Visitors to the World Trade Center need a place where they can learn about what happened on Sept. 11. A museum should be built that tries to provide visitors with a sense of the enormity of what happened.

I want visitors to see images of the neighborhood I love covered in dust and debris. I want them to hear the stories of survivors and realize that tens of thousands of people, some of them young schoolchildren, were forced to run for their lives, and have suffered greatly as a result. I want them to know that countless Lower Manhattan residents and workers were displaced from their communities for weeks, months and in some cases even years. I want them to understand that at least half of the rescue workers who gave so much of themselves on that pile of wreckage searching for survivors continue to suffer from chronic physical ailments that may remain with them permanently. I want them to look at the faces of the lives that were stolen that day and to see that they represented a beautiful mosaic of humanity that encompassed every age, race, class, religion and ethnicity.

We can’t tell every story, but we can tell enough stories to give our future generations some idea of just how many lives were forever changed by the attacks. Building a museum that treated 9/11 as just one event out of many on the W.T.C. site would have greatly diminished the power of these stories.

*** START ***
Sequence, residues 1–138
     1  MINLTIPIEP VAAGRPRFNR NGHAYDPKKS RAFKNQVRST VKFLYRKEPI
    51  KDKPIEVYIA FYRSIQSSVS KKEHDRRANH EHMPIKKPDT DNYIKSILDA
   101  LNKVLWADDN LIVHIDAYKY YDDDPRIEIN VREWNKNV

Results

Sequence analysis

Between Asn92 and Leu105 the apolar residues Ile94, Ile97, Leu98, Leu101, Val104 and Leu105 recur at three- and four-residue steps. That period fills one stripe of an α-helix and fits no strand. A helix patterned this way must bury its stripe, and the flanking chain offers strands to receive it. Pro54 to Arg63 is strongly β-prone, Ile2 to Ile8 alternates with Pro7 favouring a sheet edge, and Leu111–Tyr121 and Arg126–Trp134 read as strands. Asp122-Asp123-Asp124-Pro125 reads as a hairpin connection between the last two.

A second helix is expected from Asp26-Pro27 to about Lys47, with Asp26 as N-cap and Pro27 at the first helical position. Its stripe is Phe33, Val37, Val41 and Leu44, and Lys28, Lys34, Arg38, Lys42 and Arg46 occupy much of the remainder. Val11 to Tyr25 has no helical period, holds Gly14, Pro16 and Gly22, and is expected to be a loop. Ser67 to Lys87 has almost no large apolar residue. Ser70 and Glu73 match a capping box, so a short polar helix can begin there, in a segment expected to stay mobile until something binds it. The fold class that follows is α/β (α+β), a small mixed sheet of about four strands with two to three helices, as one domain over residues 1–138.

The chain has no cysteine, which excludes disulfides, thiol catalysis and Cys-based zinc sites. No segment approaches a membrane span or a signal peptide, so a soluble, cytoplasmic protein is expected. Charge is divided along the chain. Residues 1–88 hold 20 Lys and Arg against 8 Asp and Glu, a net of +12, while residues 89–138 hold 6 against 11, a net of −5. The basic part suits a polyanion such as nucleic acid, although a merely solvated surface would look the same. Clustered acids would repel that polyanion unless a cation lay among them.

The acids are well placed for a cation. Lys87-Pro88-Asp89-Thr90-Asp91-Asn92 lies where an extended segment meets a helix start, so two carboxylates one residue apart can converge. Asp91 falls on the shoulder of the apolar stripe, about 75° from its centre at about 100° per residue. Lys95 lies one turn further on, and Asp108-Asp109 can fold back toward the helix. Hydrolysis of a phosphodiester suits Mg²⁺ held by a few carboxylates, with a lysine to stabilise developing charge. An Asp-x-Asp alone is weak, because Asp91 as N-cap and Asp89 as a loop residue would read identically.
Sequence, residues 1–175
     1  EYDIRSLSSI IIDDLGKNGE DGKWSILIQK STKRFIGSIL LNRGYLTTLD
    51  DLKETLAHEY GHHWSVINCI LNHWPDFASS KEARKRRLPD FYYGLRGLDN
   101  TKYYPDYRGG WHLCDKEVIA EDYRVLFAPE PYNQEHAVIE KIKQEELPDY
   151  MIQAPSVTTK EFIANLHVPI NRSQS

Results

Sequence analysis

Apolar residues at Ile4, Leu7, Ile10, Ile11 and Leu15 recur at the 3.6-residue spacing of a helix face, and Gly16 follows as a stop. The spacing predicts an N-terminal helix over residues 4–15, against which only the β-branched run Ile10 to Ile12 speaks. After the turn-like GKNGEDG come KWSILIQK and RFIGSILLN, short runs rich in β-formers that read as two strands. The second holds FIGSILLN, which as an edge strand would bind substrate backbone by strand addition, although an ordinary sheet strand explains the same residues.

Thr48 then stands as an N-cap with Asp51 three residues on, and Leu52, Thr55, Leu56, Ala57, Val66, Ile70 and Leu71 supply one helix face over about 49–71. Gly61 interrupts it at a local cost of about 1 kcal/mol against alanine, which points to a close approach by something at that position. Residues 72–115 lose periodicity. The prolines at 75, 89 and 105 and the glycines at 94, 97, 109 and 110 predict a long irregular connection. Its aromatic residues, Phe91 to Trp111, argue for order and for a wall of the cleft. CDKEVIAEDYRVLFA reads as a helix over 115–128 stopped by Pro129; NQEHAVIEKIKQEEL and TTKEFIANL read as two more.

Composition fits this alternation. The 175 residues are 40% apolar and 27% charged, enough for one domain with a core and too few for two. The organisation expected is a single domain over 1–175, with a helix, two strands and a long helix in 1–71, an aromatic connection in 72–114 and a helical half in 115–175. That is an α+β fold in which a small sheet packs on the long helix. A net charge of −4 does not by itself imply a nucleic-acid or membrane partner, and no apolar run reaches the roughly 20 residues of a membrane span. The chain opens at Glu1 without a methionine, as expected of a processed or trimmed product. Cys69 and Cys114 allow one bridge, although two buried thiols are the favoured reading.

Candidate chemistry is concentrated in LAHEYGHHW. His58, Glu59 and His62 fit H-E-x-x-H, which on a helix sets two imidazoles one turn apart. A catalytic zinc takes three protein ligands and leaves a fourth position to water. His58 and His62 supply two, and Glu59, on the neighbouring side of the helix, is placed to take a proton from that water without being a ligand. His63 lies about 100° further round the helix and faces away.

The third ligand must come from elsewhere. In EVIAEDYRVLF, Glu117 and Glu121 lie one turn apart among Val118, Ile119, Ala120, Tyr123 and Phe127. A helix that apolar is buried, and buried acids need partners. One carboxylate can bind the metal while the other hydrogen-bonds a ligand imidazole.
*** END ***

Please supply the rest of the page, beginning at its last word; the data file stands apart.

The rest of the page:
Ultimately, it matters little what any of us think of the International Freedom Center, for the issue has been settled once and for all. But where do we go from here? Should we continue to segregate ourselves and our priorities, treating the memorial and redevelopment as two completely separate and competing issues? Or should we instead try to work together and understand each other’s concerns, realizing that all of us –- victims’ relatives, survivors, Downtowners, 9/11 rescue workers and everyone else who was affected by the attacks –- share a valid investment in the outcome of the rebuilding process?

Throughout this process, the questions seem to have been about determining who had the most right to decide how certain things were done. But if we accept the premise that all of us have suffered as a result of the attacks and all of us have an equal right to be a part of every aspect of the rebuilding process then the questions become: How can we, as one community, balance the need to both honor the past and build for the future? How do we make compromises that best accommodate our shared needs and goals? The debate over the I.F.C. could offer all of us a wonderful opportunity to have an open and honest discussion of our priorities, but this can only work if we all commit to truly listening to each other’s point of view. Making sweeping generalizations based on misconceptions about people’s motives will only serve to further complicate an already messy process and may alienate potential allies. In the matter of the I.F.C., Mr. Stanke and I will probably have to agree to disagree. I would only ask that he, and all of us, try to understand why different individuals feel the way they do, and use that understanding to find solutions that work the best for all of us.

Rachel Snyder is a member of the Coalition for New Twin Towers and has worked near the World Trade Center site.